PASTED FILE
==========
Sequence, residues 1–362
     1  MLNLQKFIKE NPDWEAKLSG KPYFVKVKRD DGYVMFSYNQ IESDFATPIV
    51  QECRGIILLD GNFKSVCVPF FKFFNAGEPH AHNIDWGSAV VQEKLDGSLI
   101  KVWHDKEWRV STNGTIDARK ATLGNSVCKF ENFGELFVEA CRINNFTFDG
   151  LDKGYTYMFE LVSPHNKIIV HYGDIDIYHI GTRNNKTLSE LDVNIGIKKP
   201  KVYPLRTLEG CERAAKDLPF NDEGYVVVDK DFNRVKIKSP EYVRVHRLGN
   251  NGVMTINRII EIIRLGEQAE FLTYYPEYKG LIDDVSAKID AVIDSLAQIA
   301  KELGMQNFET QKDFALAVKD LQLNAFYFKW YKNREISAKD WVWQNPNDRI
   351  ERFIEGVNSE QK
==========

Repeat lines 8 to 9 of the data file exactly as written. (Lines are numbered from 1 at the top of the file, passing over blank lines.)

   301  KELGMQNFET QKDFALAVKD LQLNAFYFKW YKNREISAKD WVWQNPNDRI
   351  ERFIEGVNSE QK